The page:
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Oil rises on Iraq unrest as demand concerns set aside
Economy News _ Baghdad
NEW YORK (Reuters) - Oil prices rose on Tuesday, as supply concerns were fueled by unrest in crude producers Iraq and Ecuador as demand concerns were set aside as investors awaited the outcome of US-China trade talks this week.
By 0652 GMT, Brent crude rose 44 cents, or 0.8 percent, to 58.79 dollars a barrel, while US West Texas Intermediate crude rose 42 cents, or 0.8 percent, to 53.17 dollars a barrel.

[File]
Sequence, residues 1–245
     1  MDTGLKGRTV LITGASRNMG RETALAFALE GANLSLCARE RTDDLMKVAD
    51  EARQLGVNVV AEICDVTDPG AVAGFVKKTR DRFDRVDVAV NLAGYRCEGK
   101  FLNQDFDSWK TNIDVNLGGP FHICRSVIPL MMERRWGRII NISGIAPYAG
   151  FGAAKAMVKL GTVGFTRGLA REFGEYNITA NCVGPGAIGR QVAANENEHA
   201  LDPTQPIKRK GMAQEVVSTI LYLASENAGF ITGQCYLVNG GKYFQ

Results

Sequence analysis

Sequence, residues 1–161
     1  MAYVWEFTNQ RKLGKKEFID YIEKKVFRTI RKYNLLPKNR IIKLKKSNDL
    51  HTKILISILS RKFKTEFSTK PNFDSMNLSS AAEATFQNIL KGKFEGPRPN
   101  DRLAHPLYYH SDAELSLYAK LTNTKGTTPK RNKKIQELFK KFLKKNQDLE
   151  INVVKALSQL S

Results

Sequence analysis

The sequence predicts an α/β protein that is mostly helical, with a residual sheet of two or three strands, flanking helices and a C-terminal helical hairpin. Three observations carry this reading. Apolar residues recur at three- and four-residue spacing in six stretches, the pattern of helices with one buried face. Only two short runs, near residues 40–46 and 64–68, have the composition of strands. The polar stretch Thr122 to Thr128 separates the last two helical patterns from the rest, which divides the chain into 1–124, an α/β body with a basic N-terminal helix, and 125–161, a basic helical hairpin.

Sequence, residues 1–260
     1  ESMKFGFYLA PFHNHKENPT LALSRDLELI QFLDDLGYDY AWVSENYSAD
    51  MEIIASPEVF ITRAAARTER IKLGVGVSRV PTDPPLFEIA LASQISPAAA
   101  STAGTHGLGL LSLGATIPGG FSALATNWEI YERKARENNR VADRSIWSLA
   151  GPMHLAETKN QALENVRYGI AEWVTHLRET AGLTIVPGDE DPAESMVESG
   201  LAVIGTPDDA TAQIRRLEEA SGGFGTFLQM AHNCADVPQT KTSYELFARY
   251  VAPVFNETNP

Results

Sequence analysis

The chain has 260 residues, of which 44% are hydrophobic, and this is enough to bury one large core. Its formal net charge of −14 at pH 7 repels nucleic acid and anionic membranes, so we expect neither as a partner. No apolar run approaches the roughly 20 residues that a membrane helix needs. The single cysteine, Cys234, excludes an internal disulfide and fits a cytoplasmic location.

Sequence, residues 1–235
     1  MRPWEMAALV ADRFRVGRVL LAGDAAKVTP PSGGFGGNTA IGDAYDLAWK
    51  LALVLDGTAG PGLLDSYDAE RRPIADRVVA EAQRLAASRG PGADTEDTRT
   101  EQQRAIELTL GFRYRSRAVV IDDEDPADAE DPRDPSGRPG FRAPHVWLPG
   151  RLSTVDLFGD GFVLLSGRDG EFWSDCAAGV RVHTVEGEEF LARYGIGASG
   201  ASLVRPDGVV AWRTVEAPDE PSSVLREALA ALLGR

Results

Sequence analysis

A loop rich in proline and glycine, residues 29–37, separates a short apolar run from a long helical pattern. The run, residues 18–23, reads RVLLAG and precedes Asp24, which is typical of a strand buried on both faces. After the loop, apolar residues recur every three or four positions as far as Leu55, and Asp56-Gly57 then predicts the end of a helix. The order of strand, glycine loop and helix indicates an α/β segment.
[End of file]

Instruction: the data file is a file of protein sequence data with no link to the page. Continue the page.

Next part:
Investors are cautious ahead of US-China talks due to be held in Washington on Thursday, although they are not expected to produce a comprehensive deal to end a trade war between the world's two largest economies.
Protests in Iraq and Ecuador have threatened to disrupt production from both members of the Organization of the Petroleum Exporting Countries (OPEC).
The death toll in Iraq, OPEC's second-largest producer, rose after a week of unrest.
Ecuador's energy ministry, one of OPEC's smallest producers due to leave the cartel next year, said protests against austerity measures could cut its oil output by 59,450 barrels per day.
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